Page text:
What is Opal?
Australian Opal is a hydrated form of silica which has a glassy look. Depending on the way that the microscopic silica spheres are stacked, and the voids that form, many different colours and depths can be seen when light enters and refracts inside the stones. Some opal is formed inside, or attached to ironstone. This is commonly known as boulder opal. Sometimes the silica spheres can compact so tightly that no light can refract inside. This creates a form of opal known as ‘potch’ which is low grade opal, usually dark blue to black in colour. When silica spheres stack loosely, light is able to refract and bounce back off the potch background, shining with amazing colours. This is known as black opal, and is what has made the mining town of Lightning Ridge famous. When the spheres are stacked loosely, without a boulder or potch background, it forms opal known as crystal opal. Practically speaking, it makes little difference what is on the back of the stone or what the body tone of the stone is, even though there is a conception that Black opals are the most valuable.
Australian Opal flashes all colours of the visible spectrum. This will easily mesmerise any fortunate onlooker searching for the piece that will resonate with them. The stunning changes in pattern and colour as one moves the stone around is known as ‘the play of colour’.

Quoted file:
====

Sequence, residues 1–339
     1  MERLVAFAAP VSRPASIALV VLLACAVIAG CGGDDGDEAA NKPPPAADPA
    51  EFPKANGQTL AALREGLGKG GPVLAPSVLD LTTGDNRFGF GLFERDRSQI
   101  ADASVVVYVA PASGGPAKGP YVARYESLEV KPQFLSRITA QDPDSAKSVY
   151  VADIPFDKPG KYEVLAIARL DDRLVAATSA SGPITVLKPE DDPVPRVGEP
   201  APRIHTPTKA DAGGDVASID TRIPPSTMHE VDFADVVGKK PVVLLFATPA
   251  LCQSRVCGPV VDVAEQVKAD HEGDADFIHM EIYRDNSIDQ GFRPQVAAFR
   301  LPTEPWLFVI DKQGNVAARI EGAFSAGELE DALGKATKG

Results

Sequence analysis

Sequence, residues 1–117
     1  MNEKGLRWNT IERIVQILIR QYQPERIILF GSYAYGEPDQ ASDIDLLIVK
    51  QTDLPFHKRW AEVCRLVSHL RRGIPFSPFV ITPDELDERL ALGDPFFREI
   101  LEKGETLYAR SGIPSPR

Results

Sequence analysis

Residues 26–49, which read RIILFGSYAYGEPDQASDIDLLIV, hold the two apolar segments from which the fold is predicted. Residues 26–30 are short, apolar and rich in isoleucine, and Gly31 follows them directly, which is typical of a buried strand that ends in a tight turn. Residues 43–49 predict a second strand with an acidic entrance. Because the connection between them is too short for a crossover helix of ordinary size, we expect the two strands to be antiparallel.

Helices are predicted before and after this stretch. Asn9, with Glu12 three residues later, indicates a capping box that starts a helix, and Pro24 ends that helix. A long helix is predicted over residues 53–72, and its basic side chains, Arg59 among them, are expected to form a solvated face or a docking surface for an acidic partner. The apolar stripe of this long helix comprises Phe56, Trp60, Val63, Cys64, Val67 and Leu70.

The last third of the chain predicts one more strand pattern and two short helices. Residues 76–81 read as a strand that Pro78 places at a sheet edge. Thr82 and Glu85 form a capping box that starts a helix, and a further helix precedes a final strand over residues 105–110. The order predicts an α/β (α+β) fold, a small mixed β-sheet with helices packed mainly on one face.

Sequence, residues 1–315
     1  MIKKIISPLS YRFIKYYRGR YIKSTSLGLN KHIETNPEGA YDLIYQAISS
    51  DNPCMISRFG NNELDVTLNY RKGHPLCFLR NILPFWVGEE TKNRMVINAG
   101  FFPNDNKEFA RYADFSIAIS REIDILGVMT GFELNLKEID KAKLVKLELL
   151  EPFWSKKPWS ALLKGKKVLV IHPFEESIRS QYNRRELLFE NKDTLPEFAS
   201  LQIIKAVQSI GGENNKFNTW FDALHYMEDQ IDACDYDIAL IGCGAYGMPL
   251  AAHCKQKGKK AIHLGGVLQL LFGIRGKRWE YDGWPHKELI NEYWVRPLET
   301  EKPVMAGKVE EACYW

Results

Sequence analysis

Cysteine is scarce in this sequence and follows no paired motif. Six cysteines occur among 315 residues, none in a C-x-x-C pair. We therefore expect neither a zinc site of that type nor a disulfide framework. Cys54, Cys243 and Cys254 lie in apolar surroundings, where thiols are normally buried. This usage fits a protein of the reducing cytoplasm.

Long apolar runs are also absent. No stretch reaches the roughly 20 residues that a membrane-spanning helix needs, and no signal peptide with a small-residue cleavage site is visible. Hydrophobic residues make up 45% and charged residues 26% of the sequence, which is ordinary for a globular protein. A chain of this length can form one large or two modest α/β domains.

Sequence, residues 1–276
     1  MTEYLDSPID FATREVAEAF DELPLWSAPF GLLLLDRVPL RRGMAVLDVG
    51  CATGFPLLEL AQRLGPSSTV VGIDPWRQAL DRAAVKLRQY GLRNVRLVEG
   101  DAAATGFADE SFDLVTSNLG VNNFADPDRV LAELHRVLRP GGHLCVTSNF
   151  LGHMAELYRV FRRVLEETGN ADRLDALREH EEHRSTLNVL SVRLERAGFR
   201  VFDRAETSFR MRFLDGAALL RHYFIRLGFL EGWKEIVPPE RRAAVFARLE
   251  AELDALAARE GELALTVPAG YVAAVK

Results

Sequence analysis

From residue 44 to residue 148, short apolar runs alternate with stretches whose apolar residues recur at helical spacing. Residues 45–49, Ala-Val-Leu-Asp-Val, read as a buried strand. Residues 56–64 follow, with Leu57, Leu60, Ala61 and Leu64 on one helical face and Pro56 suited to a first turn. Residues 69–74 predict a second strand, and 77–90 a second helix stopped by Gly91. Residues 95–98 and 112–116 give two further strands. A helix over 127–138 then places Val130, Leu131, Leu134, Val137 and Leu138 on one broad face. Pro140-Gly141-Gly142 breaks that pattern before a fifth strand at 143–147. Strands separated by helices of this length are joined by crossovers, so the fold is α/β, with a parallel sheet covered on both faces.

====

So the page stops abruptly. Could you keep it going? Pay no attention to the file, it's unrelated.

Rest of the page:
Where does it come from?
The formation of Australian Opal is said to be due to a large inland sea which stretched from south west Queensland through northern New South Wales and down into South Australia thousands of years ago. A common belief is that Australia was very close to Antarctica at this stage which made the water of the inland sea very cold. The water was also stagnant and took a long time to dry out as the continents started to shift. These conditions proved to be perfect for creating the world’s best Opal. As the water started to dry out, it resulted in deep weathering of marine clay from the late cretaceous period. The weathering released silica which was sporadically deposited as Opal in suitable cracks, crevices, and cavities of fossils within the rock. This process of producing this beautiful Opal may have taken many thousands or even millions of years to perfect.
What is Opal worth?
Opal is very subjective, and as there are no 2 pieces the same, it is considered priceless. Each individual may like different stones to someone else. When pricing Opal, the main factors involved in per carat worth are:
- Brightness and intensity of colour
- Amount of different colours
- Whether colours are visible in all lights, from all angles
- Pattern within the colours
Once an opal has been valued in terms of colour, it is weighed and the value is multiplied by how many carats it has. Larger stones may then be worth even more than the calculated figure because of the rarity of large stones with amazing colours.
As there are no two pieces the same, it is about what YOU like and are drawn to!
More opal information below: